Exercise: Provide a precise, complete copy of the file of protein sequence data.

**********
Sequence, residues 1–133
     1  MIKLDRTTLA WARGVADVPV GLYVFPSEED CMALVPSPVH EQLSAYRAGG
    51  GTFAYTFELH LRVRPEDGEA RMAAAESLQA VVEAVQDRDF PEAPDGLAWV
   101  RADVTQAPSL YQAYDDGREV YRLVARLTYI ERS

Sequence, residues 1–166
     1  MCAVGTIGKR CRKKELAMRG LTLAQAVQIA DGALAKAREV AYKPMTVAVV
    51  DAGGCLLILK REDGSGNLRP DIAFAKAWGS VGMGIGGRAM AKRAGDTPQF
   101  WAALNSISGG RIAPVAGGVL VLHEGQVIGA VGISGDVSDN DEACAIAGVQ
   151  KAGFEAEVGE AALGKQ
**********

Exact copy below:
Sequence, residues 1–133
     1  MIKLDRTTLA WARGVADVPV GLYVFPSEED CMALVPSPVH EQLSAYRAGG
    51  GTFAYTFELH LRVRPEDGEA RMAAAESLQA VVEAVQDRDF PEAPDGLAWV
   101  RADVTQAPSL YQAYDDGREV YRLVARLTYI ERS

Sequence, residues 1–166
     1  MCAVGTIGKR CRKKELAMRG LTLAQAVQIA DGALAKAREV AYKPMTVAVV
    51  DAGGCLLILK REDGSGNLRP DIAFAKAWGS VGMGIGGRAM AKRAGDTPQF
   101  WAALNSISGG RIAPVAGGVL VLHEGQVIGA VGISGDVSDN DEACAIAGVQ
   151  KAGFEAEVGE AALGKQ